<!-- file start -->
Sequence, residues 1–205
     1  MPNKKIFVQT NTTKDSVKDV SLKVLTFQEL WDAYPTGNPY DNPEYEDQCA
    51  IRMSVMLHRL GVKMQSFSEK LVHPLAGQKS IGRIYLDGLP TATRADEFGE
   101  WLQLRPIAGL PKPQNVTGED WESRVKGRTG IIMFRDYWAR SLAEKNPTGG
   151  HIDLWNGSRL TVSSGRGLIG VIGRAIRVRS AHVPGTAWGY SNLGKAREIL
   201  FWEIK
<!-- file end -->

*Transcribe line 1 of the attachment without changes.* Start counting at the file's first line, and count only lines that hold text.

Sequence, residues 1–205